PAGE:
weight loss

“Lose 7 pounds in 10 days! Guaranteed!” The weight-loss programs you see advertised across the media landscape can and do work, but they’re not magic and they often don’t come cheap. If you invested hundreds of dollars on a sounds-too-good-to-be-true plan but didn’t reach your weight-loss goal, whose fault is it?

Can money buy weight loss?

Weight Watchers is currently the target of a class action lawsuit filed in Manhattan Supreme Court, according to the New York Daily News. The company, which claimed that its mobile app “has it all (and does it all) so you can lead a healthier, more active life,” allegedly didn’t come through on its promises to provide weight tracking, motivation, and advice via mobile devices.

More than 1.5 million subscribers paid $49.95 for the first three months and $19.95 per month thereafter to access the new app. Weight Watchers acknowledged problems with “certain aspects of technology,” but has yet to issue any refunds—hence the lawsuit.

When it’s not about technological glitches

“Technical difficulties” like those encountered by the users of the Weight Watchers app are easy to prove in court. But the average person who’s shelled out money only to be disappointed by his or her results on Nutrisystem, Jenny Craig, or any other weight-loss program doesn’t have such a clear-cut case. Many a hopeful consumer walks away lighter in their wallet but not on the scale.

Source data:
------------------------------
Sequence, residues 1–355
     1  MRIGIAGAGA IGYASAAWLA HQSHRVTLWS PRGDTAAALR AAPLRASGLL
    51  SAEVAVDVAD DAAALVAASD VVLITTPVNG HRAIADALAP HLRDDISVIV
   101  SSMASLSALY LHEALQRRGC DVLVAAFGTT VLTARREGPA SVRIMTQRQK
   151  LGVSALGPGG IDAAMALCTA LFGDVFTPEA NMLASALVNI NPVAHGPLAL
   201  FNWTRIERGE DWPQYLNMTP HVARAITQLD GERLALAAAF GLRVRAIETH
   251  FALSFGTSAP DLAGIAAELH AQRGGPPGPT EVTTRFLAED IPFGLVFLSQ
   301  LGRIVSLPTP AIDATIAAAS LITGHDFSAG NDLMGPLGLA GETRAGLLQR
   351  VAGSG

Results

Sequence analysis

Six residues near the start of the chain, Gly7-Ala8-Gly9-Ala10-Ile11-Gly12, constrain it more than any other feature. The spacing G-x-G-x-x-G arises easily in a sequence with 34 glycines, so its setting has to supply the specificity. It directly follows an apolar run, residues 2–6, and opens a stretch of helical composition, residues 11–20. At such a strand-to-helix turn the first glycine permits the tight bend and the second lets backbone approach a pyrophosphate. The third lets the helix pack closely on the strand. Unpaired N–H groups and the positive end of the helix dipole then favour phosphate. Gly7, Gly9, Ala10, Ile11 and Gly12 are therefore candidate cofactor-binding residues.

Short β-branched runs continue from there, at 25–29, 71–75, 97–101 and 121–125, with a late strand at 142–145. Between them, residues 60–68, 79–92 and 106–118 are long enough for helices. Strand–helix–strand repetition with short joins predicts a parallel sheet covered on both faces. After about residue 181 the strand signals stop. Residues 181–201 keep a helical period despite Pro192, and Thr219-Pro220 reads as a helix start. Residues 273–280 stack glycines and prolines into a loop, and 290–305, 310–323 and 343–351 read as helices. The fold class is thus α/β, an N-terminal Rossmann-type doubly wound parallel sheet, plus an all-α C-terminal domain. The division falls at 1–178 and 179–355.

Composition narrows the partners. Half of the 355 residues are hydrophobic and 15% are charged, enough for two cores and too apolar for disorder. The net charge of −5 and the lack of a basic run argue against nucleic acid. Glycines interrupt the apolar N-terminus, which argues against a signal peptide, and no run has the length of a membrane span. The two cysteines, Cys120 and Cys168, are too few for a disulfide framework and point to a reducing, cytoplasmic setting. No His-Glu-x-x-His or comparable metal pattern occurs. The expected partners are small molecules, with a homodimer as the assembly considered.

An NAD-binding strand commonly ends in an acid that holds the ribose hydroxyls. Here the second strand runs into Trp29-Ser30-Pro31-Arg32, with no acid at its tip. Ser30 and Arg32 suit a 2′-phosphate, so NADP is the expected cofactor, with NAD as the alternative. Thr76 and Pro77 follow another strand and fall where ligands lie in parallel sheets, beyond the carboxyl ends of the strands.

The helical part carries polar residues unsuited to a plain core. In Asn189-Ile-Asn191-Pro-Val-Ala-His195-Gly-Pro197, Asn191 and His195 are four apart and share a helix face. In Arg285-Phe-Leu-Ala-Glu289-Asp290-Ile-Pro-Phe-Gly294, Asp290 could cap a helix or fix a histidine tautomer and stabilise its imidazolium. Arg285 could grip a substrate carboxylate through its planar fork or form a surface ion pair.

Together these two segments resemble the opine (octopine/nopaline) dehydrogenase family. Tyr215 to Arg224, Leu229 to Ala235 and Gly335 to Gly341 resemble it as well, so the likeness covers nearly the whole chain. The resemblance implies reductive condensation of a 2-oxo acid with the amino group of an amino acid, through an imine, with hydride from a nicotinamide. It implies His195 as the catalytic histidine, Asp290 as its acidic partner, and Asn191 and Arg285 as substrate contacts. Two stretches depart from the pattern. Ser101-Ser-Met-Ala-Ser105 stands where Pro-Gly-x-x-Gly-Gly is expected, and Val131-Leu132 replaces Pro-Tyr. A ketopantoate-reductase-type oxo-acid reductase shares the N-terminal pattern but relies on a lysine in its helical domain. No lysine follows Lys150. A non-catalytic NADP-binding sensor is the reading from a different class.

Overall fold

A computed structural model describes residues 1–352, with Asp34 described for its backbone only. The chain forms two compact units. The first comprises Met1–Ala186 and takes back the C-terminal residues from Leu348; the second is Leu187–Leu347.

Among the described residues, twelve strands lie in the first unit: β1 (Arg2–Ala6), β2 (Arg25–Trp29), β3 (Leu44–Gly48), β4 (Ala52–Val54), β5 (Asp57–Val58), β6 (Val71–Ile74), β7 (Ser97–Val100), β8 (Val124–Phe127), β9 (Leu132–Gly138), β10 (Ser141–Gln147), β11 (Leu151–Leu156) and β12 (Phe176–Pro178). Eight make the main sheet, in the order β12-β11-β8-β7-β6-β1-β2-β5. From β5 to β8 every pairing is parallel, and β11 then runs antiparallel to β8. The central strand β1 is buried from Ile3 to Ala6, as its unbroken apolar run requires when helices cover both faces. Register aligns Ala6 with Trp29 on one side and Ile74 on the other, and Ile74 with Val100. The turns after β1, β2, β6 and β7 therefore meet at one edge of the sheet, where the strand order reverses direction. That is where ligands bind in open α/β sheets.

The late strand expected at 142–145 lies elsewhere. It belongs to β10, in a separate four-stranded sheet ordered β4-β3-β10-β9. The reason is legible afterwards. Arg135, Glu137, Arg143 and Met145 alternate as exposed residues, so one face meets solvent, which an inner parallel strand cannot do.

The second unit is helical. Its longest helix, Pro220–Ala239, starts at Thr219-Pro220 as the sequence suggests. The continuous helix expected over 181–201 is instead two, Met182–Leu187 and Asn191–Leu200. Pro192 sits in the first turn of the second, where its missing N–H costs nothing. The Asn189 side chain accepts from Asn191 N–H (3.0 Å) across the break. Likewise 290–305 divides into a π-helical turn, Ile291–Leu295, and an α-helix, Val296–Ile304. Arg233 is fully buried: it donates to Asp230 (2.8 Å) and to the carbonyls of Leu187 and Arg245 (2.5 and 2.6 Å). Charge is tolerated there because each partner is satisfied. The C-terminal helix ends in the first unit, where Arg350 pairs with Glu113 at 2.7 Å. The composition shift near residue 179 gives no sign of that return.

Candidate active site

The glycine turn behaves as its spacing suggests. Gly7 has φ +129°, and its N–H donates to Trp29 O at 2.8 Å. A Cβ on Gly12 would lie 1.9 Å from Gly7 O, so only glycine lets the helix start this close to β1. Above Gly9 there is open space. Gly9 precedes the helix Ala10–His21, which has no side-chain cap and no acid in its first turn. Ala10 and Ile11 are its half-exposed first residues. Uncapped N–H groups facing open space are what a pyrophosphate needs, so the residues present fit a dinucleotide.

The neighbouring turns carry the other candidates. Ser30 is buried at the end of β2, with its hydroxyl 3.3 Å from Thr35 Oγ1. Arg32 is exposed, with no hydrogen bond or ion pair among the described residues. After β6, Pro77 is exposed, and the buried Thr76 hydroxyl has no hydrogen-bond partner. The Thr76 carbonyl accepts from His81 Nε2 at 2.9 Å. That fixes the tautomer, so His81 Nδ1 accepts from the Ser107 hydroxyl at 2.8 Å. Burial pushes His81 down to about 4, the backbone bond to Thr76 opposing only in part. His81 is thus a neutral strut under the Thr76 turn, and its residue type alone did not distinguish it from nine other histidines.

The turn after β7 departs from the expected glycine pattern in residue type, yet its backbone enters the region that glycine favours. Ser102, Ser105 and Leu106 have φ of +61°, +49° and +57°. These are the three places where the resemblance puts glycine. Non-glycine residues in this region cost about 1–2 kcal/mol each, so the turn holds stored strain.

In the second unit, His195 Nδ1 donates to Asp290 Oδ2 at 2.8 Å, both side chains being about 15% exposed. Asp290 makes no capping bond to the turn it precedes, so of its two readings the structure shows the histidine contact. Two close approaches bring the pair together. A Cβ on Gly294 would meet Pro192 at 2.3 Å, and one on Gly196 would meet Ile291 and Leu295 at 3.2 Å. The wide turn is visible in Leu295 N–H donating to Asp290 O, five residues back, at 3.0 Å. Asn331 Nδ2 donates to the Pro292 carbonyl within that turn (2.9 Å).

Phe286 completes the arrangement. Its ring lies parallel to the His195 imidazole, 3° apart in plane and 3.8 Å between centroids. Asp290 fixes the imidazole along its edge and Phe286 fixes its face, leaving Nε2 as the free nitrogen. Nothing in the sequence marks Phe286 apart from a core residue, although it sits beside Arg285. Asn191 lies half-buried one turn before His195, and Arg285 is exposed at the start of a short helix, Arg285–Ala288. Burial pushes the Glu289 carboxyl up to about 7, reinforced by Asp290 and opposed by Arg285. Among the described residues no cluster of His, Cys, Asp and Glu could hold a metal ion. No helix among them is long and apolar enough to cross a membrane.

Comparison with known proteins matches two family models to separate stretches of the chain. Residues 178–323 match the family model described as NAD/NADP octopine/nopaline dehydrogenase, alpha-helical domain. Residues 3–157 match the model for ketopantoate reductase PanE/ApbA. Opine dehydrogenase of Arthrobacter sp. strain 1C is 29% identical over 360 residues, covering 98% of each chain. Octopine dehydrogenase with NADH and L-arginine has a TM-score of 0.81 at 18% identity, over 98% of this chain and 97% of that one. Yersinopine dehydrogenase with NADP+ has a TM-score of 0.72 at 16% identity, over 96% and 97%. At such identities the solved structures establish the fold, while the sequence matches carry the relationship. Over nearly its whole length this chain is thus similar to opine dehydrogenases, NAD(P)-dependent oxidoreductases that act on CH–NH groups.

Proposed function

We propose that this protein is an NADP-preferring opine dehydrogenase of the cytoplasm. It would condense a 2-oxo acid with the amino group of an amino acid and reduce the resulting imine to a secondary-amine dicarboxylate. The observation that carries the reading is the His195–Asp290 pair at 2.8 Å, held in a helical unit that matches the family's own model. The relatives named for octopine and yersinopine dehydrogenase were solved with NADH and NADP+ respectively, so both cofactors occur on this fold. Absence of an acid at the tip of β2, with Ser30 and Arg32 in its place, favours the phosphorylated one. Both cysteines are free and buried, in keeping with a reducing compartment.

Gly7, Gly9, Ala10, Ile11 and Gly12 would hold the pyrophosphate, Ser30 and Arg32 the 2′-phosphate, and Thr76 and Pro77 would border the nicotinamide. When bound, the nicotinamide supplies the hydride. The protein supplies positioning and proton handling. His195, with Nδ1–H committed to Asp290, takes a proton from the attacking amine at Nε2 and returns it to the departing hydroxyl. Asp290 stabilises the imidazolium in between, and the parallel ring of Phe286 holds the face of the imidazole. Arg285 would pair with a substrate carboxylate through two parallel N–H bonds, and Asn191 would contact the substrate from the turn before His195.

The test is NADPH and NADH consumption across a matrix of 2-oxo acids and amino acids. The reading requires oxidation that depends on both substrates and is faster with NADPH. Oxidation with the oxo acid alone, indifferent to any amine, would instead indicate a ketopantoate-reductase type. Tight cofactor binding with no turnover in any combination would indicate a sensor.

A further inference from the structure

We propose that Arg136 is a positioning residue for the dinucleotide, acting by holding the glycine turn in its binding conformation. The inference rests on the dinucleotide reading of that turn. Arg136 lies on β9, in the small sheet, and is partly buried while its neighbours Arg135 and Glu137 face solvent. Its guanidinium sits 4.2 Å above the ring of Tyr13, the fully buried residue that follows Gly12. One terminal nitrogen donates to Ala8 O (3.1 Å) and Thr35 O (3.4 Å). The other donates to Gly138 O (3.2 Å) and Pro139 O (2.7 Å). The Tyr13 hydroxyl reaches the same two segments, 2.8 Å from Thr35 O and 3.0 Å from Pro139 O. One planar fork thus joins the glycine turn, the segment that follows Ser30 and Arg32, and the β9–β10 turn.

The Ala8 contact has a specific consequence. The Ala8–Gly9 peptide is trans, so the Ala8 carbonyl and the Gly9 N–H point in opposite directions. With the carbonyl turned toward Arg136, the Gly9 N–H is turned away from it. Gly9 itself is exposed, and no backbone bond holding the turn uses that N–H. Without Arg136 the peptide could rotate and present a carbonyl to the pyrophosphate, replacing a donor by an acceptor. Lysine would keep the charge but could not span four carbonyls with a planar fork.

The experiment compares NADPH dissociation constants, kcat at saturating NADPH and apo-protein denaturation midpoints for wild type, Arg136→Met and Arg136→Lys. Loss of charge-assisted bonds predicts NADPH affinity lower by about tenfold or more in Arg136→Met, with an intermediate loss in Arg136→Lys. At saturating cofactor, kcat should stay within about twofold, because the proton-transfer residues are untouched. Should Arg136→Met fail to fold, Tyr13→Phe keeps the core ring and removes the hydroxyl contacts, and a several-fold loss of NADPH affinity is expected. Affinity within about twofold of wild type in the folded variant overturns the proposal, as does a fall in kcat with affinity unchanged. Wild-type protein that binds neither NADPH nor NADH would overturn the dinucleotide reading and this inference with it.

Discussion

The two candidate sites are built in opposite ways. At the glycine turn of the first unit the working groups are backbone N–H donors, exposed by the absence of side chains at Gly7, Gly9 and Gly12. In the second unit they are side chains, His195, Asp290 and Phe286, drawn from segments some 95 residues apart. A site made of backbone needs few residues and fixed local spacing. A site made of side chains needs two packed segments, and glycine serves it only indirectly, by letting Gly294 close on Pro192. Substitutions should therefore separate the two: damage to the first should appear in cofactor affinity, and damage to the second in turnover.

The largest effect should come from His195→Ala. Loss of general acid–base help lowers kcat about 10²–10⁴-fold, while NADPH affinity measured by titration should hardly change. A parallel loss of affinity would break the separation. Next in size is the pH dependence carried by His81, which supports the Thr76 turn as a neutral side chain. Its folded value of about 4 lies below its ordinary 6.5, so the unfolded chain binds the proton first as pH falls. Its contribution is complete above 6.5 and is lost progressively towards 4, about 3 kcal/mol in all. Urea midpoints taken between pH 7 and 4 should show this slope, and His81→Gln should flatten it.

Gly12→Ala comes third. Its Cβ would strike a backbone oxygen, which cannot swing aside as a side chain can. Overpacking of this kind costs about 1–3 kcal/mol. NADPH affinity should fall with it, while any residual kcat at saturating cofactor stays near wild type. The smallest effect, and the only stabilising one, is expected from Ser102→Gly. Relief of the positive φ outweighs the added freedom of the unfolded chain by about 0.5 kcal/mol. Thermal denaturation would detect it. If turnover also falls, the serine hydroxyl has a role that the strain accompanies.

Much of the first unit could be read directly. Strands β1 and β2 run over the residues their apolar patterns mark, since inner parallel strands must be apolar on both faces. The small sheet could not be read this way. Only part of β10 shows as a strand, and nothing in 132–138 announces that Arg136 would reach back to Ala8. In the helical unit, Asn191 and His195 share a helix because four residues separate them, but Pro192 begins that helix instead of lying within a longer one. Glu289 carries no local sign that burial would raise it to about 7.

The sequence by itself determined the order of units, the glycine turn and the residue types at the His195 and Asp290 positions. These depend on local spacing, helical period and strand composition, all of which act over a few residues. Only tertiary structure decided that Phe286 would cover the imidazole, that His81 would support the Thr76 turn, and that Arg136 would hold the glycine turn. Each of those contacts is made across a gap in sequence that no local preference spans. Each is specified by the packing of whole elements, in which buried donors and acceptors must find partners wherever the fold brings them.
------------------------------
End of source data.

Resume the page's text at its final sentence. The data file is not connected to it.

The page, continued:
“Infomercials attract people with promises of fast and easy weight loss, yet their advertisements nearly always feature before-and-after photos of someone whose asterisked name quietly indicates that the results are ‘not typical,’” says motivational speaker Cari De La Cruz, who opted instead to become a member of what she calls the “Gastric Bypass Class of 2007.”

De La Cruz explains that many people will begin a program believing that their results will also be non-typical and that they will soon look like the person touting it. Others have lower expectations but still feel they’ll be at least better off when they’re “done.” To all of these individuals, the investment seems like a risk worth taking.

Your weight-loss success, generally speaking, is up to you

“Whatever the case, each person who joins the program will do so because they believe that by following the program, they will lose weight,” she says. The problem is that the “program” still comes down to self-management. The weight-loss company can provide food, meal plans, exercise tips, and the works, but it cannot make you apply these things correctly to your own life.

Legal professional George Anev says there is very little accountability as to the effectiveness of programs such as Nutrisystem or Weight Watchers. “This is because their creators legally exclude liability by stating that there are simply too many variables among customers,” he says.

If two individuals follow the same weight-loss program exactly as it’s intended, but one individual has a faster metabolism than the other, then their results will not be the same. Even if all things were equal, and all bodies responded to weight-loss programs in the same way, it would still be difficult to prove in court that an individual did or did not follow the program as prescribed.

A car company is not to blame for its customers’ irresponsible driving habits. A laptop manufacturer is not held accountable when a customer mishandles the unit (or even when the customer simply chooses to not plug it in)! In this vein, it seems equally as unreasonable to blame Nutrisystem for its customers’ inability to follow the program as designed for best results.

“It is a very rare person who will not lose weight by following a healthy weight-loss program,” says De La Cruz, “but it’s a very typical person who will not lose weight by not following a healthy weight-loss program.”